Dog walking harness for Border Terrier
- smallest working terrier breeds
- scruffy face
Border Terrier dog names
Overview - Border Terrier
Although he’s not as flashy in appearance as some of his terrier relatives, the Border Terrier is still pure terrier, living life with great gusto, whether out and about with people or digging a hole in a flowerbed. Frankly, it’s a bit surprising that he isn’t more popular, given that he’s one of the healthier purebred dogs, is less driven to hunt than most other terriers, and is fairly flexible about exercise. He’s robust, sturdy, and great with children, making him one of the top terrier contenders for a family pet.
The Border Terrier may be small — 15 pounds or less — but he’s neither tiny nor fragile. He’ll happily roughhouse with kids, and he’s athletic enough to keep up with anyone, which is why he’s one of the few terriers well represented at such canine competitions as agility. Border owners also compete with their dogs in obedience, agility, and the show ring.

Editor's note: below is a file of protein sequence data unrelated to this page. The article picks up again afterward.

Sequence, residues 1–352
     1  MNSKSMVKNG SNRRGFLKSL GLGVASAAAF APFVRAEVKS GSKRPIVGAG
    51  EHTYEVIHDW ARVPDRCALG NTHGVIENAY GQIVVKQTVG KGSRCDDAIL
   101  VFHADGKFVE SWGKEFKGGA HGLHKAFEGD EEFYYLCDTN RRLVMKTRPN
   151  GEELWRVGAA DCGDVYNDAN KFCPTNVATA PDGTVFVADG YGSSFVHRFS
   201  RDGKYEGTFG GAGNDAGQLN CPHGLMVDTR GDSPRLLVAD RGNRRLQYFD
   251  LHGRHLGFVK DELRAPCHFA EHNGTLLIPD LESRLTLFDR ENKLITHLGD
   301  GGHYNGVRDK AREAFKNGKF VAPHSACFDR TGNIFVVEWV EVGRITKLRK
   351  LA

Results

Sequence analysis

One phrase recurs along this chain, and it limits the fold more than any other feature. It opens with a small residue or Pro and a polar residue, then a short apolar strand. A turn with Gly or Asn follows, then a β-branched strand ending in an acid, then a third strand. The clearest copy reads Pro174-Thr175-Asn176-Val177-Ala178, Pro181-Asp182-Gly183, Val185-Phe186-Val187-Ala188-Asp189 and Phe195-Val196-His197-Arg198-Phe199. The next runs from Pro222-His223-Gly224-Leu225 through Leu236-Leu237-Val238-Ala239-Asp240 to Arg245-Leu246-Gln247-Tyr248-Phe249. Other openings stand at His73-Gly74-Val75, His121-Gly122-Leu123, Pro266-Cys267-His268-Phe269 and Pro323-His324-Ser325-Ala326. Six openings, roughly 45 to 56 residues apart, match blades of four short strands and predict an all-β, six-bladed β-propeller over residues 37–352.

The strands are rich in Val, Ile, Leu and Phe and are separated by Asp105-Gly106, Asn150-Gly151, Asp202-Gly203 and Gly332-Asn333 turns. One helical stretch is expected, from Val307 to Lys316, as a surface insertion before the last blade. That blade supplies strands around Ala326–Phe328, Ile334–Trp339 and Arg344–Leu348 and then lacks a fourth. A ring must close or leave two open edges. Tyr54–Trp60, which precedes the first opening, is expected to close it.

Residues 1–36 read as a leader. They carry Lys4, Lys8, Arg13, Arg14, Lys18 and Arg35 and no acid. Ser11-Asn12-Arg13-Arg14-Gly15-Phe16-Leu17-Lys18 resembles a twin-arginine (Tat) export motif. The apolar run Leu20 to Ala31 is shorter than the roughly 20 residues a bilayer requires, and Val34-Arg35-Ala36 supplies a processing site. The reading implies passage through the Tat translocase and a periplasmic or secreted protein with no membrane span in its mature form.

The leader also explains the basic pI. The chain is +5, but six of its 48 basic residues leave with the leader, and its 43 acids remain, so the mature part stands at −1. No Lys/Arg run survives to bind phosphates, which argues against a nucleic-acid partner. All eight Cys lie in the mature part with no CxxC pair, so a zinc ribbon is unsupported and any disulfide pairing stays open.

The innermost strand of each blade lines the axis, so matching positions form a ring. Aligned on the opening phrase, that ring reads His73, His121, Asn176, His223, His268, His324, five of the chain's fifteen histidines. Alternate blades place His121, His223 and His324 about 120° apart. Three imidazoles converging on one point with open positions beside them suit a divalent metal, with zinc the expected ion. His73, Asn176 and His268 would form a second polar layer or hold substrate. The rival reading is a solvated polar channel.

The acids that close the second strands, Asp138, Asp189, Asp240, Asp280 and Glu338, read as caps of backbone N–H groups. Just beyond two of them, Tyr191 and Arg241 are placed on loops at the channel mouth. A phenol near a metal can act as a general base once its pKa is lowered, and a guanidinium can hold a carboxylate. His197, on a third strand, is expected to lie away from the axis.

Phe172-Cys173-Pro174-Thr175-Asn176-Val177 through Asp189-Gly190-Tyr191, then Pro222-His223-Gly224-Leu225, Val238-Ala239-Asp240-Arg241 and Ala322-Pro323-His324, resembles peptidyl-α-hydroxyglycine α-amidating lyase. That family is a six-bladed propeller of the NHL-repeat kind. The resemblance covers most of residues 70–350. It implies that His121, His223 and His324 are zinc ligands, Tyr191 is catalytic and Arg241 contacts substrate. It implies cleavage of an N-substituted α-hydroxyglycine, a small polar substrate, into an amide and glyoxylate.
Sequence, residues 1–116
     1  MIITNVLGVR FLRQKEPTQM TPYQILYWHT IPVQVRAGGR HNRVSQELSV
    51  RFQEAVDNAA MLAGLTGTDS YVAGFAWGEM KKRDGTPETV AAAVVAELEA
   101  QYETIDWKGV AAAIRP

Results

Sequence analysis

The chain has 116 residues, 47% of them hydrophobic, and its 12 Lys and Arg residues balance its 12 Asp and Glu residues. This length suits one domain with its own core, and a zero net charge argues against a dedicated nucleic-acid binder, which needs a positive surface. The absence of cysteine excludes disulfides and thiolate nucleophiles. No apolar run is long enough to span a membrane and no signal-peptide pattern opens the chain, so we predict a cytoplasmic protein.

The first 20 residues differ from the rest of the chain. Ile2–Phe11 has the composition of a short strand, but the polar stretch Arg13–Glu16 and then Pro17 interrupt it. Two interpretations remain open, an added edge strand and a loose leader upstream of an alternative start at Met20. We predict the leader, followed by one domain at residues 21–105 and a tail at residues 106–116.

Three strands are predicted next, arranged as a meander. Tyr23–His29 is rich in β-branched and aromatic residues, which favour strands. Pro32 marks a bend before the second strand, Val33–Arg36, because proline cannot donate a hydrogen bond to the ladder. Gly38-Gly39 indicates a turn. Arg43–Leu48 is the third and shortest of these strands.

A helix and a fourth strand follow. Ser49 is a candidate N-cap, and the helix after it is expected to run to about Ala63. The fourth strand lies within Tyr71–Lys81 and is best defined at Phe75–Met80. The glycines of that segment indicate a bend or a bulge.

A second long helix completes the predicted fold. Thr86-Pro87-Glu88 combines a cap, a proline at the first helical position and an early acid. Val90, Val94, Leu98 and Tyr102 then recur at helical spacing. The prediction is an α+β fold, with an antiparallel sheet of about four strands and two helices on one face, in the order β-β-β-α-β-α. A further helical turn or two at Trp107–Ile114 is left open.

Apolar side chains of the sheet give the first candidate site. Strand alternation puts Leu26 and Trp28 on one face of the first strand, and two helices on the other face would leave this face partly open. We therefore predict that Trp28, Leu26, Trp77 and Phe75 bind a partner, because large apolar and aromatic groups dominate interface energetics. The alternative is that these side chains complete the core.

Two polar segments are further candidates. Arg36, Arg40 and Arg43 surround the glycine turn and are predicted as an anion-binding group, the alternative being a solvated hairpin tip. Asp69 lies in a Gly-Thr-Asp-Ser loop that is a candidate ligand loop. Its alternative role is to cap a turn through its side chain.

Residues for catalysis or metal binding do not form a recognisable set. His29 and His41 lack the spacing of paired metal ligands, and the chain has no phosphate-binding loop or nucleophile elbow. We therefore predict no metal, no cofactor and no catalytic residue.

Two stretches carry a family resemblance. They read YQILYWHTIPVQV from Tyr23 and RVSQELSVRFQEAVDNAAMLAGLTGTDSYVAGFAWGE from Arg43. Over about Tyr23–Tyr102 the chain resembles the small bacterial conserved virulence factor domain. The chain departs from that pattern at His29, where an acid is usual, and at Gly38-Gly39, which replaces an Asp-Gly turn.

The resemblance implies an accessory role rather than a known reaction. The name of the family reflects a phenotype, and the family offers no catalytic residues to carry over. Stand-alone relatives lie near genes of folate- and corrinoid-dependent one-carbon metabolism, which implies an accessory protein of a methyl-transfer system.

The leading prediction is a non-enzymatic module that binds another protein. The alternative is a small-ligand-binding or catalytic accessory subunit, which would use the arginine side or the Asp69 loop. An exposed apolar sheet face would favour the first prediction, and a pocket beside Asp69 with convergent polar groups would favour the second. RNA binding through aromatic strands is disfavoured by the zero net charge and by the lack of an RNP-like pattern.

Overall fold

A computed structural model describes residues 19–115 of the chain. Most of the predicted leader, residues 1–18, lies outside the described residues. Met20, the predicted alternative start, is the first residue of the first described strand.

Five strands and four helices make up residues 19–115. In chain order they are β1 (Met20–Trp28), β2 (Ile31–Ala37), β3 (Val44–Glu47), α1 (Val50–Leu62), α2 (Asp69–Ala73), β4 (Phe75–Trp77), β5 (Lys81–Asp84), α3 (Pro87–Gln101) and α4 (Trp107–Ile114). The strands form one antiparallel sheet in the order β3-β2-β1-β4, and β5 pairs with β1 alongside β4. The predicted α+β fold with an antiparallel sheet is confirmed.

If you want a stellar companion, give him the opportunity to get out and run, smell, walk, and play a couple times a day — preferably behind a fence or on a leash, because he’s definitely fast when it comes to chasing creatures like squirrels and neighborhood cats. The Border Terrier is a people dog who’s prone to make a lot of noise and a big mess if left to his own devices, so he needs to live indoors as a member of the family.
History of Border Terrier
The battle between farmers and foxes in the border country between England and Scotland called for a rough and ready weapon: the Border Terrier. Developed in the early 18th century, the fearless and implacable Border had a long, narrow, and flexible body that could squeeze through narrow dens in order to reach quarry. He could also run alongside hunters, following the foxhounds until they found the fox, at which point the Border would roust the fox out of his den.
Farmers treasured him for his stamina and willingness to take on the toughest of prey, but few other people took much notice of him: The Border Terrier wasn’t recognized by Britain’s Kennel Club until the early 20th century. The Border Terrier Club of America was formed in 1920, and the American Kennel Club began registering the dogs in 1930. The Border Terrier ranks 83rd among the breeds recognized by the AKC.
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Related dog breeds: Pug, Doxle, Boston Terrier, West Highland White, Border Terrier, Pomeranian, French Bulldog, Dachshund, Miniature Schnauzer, Havanese, Cairn Terrier, Lhasa Apso, Pekingese, Jack Russell Terrier, Schipperke, Japanise Spitz, Bolognese Dog